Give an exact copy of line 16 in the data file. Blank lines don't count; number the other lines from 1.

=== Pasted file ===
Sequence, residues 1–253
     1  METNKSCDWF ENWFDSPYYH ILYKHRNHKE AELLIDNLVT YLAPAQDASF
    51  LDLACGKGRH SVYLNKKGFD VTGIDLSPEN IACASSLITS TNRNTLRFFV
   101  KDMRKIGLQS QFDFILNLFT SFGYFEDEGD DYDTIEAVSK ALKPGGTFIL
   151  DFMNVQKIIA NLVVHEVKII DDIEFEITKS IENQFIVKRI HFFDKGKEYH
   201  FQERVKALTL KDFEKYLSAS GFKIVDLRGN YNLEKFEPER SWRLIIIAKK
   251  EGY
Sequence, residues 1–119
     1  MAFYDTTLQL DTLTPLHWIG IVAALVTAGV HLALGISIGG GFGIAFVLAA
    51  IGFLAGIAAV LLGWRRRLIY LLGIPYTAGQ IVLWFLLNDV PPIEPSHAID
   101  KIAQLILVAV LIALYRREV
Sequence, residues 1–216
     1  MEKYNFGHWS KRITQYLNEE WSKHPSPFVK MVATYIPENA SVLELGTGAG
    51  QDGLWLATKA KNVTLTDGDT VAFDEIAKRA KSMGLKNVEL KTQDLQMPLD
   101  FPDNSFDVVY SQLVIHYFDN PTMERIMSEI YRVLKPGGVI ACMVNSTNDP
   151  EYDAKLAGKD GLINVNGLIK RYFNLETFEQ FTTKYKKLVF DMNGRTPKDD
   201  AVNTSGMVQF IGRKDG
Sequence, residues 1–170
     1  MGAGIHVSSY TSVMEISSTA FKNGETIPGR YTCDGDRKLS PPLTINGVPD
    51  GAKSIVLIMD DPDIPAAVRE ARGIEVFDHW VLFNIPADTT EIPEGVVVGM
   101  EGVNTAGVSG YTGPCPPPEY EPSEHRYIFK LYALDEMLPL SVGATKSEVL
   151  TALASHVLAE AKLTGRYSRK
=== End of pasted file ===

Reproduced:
   151  EYDAKLAGKD GLINVNGLIK RYFNLETFEQ FTTKYKKLVF DMNGRTPKDD